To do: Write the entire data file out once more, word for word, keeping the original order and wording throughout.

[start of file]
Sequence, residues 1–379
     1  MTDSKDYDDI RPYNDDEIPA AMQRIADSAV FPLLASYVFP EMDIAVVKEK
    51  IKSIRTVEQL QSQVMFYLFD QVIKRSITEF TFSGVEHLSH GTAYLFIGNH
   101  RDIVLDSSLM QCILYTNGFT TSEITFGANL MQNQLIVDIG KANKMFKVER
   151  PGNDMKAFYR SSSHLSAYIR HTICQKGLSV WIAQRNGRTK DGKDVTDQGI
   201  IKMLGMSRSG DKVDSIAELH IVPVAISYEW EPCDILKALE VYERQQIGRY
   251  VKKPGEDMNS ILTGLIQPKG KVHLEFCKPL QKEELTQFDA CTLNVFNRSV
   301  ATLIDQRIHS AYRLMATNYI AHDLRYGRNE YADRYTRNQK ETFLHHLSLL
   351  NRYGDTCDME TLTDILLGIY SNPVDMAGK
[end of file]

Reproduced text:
Sequence, residues 1–379
     1  MTDSKDYDDI RPYNDDEIPA AMQRIADSAV FPLLASYVFP EMDIAVVKEK
    51  IKSIRTVEQL QSQVMFYLFD QVIKRSITEF TFSGVEHLSH GTAYLFIGNH
   101  RDIVLDSSLM QCILYTNGFT TSEITFGANL MQNQLIVDIG KANKMFKVER
   151  PGNDMKAFYR SSSHLSAYIR HTICQKGLSV WIAQRNGRTK DGKDVTDQGI
   201  IKMLGMSRSG DKVDSIAELH IVPVAISYEW EPCDILKALE VYERQQIGRY
   251  VKKPGEDMNS ILTGLIQPKG KVHLEFCKPL QKEELTQFDA CTLNVFNRSV
   301  ATLIDQRIHS AYRLMATNYI AHDLRYGRNE YADRYTRNQK ETFLHHLSLL
   351  NRYGDTCDME TLTDILLGIY SNPVDMAGK